Fires of Faith


This weekend we had our traditional Back to School dinner
with the kids' favorite foods
and a campfire and s'mores.
We gave the kids new books and introduced our new theme:
"By this shall all men know that ye are my disciples, if ye have love one to another."
We reassured the kids that this year, as they attend a new school, and throughout their lives,
loving others will bring success.

It was a lovely night, but Talmage has really been dreading school starting.
Change has always been really difficult for him and that has been manifested in different ways over the years.
I found myself holding back tears as I walked down the hall at Back to School night because my heart was hurting in a totally new way.
It has been hard for me to see my boy, who has always been one of the most social kids on the entire planet and who also LOVES school, become withdrawn and reluctant to speak to anyone, staring at the ground and mumbling answers to questions. This change had persisted despite many efforts on our part to help him through his emotions. The brief interaction with his teacher highlighted that change that has taken place with this move.

As I felt that flood of emotions wash over me, I heard a familiar voice say, "Are you guys here now??"
I turned and found myself face to face with Talmage's first-grade teacher from last year!
I was baffled.
Not only were we at a different school, but she retired at the end of last year!
She explained that she just couldn't stay away and had come to work as a reading tutor at this school.
Talmage absolutely lit up to see her and gave her a big hug.
They chatted for a while about his summer and about the move and she told him a few things about his new school and I watched a change come over him.

That withdrawn little boy disappeared and his social personality emerged again.
As we drove home, I was holding back tears again, but for a completely different reason--
because my heart was overflowing with gratitude toward a loving Heavenly Father who loves a 7-year-old boy so much that He would send a familiar, encouraging face to him in a moment of distress.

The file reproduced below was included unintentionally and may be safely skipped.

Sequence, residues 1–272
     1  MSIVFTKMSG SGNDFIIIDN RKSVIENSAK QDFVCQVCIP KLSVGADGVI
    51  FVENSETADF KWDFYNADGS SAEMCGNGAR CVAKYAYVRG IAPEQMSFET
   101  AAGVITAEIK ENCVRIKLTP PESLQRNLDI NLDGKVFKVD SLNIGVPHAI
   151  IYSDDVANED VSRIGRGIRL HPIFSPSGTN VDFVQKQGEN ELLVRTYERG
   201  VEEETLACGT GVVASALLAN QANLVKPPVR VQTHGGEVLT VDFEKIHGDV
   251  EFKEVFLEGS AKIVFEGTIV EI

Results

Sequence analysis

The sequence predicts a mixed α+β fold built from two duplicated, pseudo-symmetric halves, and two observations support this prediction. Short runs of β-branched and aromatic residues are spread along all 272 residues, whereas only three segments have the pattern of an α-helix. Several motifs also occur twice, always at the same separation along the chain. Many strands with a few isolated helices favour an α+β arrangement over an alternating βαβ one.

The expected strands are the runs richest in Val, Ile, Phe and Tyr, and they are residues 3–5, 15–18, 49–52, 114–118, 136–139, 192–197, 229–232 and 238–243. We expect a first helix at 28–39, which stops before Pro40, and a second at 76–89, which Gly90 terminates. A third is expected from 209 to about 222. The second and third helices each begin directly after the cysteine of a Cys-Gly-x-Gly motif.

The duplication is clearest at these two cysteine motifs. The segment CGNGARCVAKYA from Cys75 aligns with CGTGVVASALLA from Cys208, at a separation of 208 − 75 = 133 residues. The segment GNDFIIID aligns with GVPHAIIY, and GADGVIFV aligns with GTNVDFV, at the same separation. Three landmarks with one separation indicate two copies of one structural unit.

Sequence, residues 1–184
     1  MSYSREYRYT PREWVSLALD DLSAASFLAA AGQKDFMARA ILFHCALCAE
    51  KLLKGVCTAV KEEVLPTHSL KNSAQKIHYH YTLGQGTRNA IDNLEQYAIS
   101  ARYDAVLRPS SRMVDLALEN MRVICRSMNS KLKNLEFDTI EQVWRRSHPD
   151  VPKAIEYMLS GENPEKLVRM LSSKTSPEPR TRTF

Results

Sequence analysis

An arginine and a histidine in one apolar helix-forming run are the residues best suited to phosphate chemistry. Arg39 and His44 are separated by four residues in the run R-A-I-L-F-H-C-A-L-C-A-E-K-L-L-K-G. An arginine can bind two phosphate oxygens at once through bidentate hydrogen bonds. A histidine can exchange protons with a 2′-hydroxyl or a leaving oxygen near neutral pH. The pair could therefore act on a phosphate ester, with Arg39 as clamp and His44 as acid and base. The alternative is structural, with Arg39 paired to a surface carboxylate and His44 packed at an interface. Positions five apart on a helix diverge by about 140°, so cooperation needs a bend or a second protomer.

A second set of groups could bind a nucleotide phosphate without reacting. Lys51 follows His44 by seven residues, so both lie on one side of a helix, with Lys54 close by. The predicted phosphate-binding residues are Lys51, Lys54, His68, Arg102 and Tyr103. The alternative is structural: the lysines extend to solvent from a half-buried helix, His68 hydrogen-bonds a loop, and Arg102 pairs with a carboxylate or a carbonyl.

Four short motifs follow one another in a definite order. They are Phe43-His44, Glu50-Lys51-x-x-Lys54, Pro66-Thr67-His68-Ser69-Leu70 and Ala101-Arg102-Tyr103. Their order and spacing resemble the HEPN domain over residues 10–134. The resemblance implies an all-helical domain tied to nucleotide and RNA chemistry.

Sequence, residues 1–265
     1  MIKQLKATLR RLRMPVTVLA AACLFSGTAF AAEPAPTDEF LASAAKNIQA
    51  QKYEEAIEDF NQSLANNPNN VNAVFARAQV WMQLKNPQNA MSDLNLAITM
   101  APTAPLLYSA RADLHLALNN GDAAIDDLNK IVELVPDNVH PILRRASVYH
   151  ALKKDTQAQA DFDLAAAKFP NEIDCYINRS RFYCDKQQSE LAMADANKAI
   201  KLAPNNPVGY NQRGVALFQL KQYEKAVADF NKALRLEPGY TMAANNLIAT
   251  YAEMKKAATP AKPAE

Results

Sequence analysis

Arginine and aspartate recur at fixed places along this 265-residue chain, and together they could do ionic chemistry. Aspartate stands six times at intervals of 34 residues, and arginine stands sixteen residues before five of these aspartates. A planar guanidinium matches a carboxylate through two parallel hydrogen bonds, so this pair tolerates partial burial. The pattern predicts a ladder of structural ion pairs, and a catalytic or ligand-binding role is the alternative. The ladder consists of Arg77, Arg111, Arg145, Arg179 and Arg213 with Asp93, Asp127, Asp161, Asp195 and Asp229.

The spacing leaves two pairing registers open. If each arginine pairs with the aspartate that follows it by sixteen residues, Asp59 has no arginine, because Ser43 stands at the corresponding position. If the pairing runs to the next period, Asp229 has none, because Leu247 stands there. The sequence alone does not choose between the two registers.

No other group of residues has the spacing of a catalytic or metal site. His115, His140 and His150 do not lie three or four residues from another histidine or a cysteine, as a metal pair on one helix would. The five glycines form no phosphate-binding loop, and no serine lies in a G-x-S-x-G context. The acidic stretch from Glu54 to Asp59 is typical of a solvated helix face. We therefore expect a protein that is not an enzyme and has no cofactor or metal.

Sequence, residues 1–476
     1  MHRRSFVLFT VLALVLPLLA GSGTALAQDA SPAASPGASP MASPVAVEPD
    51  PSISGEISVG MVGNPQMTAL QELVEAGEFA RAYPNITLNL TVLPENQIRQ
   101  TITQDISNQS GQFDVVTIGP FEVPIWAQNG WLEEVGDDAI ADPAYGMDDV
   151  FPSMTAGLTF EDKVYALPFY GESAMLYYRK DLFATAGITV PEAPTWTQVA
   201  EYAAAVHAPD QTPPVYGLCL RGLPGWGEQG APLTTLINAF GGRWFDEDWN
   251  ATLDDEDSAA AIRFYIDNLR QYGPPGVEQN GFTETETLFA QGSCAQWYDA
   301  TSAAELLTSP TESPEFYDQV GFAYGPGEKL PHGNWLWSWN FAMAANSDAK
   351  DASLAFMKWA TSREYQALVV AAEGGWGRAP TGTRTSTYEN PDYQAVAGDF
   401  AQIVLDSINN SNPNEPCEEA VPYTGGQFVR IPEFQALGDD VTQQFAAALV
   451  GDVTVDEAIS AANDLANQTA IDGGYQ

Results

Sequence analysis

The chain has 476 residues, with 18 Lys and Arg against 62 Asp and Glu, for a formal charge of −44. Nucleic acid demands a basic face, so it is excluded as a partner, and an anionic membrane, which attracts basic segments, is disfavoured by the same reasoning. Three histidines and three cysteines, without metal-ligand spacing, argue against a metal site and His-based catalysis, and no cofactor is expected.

"Now I can't wait to start school!" he said as he played with Maxwell's fingers and made him laugh.

God is so, so good.
And He loves us each individually.
I know it.


"Suppose I am writing a novel. I write 'Mary laid down her work; next moment came a knock at the door!' For Mary who has to live in the imaginary time of my story there is no interval between putting down the work and hearing the knock. But I, who am Mary's maker, do not live in that imaginary time at all. Between writing the first half of that sentence and the second, I might sit down for three house and think steadily about Mary. I could think about Mary as if she were the only character in the book and for as long as I pleased, and the hours I spent in doing so would not appear in Mary's time (the time inside the story) at all. This is not a perfect illustration, of course. But it may give just a glimpse of what I believe to be the truth. God is not hurried along in the Time-stream of this universe any more than an author is hurried along in the imaginary time of his own novel. He has infinite attention to spare for each one of us. He does not have to deal with us in the mass. You are as much alone with Him as if you were the only being He had ever created. When Christ died, He died for you individually just as much as if you had been the only man in the world."
-C.S. Lewis

Friday, August 18, 2017

County Fair

There's just something about a fair that fills me with patriotic pride and gratitude for this amazing country.
The exhibits and displays seem to take me back to the past
as I look at hand-stitched quilts,
beautiful artwork,
and livestock snuffling in their pens.
Somehow seeing ribbons dangling from bottled fruit and baked goods appeals to my farm-girl dreams and roots. 
My mom was raised on a farm in Idaho and my dad was raised with plenty of land, plants, animals, and chores. I have so many fond memories from my childhood of swinging in the tire swing that hung from the massive willow tree, climbing hay bales, pretending to drive old tractors, riding the three-wheeler around, climbing trees, and playing in the real pioneer log cabin that sat on my grandparents' property.
Maybe it's because of those fond memories that I have such a deep yearning to get our kids involved in work in a similar environment--even if it's on a very small scale.